Black Death study for Cambridge college skeletons

Skeletons, St John's College, Cambridge Image copyright Craig Cessford
Image caption The majority of those buried were laid west to east and placed in pre-dug graves

Hundreds of skeletons found under a Cambridge University college could help researchers map the effect of the Black Death on a medieval town's population.

More than 400 complete skeletons were discovered during work on St John's College between 2010 to 2012.

The remains, dating from the 13th to 15th Centuries, were burials from the Hospital of St John the Evangelist.

The four-year £1.2m study aims to learn more about the health of the urban poor during the epidemic.

Image copyright Craig Cessford
Image caption This 15th Century jet cross is one of only two "definite grave-goods" uncovered during the dig

About 1,000 parts from bodies were also discovered in what a St John's College spokesman described as "one of the largest medieval hospital burial grounds ever found in Britain".

The majority of the people buried on the site are poor townsfolk rather than clerics, and include men, women and some children.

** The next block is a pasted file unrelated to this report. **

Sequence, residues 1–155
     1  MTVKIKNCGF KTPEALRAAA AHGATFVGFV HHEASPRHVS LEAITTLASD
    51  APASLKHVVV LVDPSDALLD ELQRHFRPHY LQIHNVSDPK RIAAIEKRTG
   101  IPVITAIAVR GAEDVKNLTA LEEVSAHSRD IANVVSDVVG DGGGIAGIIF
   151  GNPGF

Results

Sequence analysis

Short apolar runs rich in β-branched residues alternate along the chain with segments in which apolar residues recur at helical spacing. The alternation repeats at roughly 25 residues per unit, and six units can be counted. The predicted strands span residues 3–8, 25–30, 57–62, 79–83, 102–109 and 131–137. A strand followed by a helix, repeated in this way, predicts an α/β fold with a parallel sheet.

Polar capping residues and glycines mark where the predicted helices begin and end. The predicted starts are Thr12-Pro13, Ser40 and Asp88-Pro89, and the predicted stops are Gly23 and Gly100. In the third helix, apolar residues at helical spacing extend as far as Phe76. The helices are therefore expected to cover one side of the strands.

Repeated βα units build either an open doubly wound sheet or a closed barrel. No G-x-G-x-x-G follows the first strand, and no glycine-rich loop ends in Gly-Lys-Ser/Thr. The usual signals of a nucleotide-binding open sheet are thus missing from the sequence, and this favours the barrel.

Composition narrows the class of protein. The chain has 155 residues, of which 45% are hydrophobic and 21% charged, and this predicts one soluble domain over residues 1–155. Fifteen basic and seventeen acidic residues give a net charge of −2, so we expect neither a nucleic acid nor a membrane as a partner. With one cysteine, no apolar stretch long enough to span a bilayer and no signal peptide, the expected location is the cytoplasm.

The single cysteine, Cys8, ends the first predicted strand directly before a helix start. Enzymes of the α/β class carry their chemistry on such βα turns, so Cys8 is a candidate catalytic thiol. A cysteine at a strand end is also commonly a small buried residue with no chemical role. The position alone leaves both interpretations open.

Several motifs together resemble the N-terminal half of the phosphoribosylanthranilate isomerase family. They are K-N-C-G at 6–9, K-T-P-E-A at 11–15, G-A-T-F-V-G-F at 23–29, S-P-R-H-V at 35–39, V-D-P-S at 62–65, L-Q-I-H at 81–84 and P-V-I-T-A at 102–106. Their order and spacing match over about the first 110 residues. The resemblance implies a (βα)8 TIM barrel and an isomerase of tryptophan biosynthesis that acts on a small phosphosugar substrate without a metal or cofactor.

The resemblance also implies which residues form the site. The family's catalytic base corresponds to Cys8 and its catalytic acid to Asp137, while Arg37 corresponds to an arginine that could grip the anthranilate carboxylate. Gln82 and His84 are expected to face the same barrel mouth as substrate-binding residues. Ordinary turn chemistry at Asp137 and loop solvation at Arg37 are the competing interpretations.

The epidemic killed millions of people across Europe.

Image copyright Craig Cessford
Image caption No children under five were discovered during the excavation

Researchers from a number of disciplines, including archaeology, history and genetics, will combine forces to "test directly the effects of the Black Death on a medieval town population before, during and after the epidemic".

The Hospital of St John the Evangelist was an Augustinian charitable establishment, providing care to members of the public between about 1200 and 1500.

The research is funded by the Wellcome Trust and St John's.

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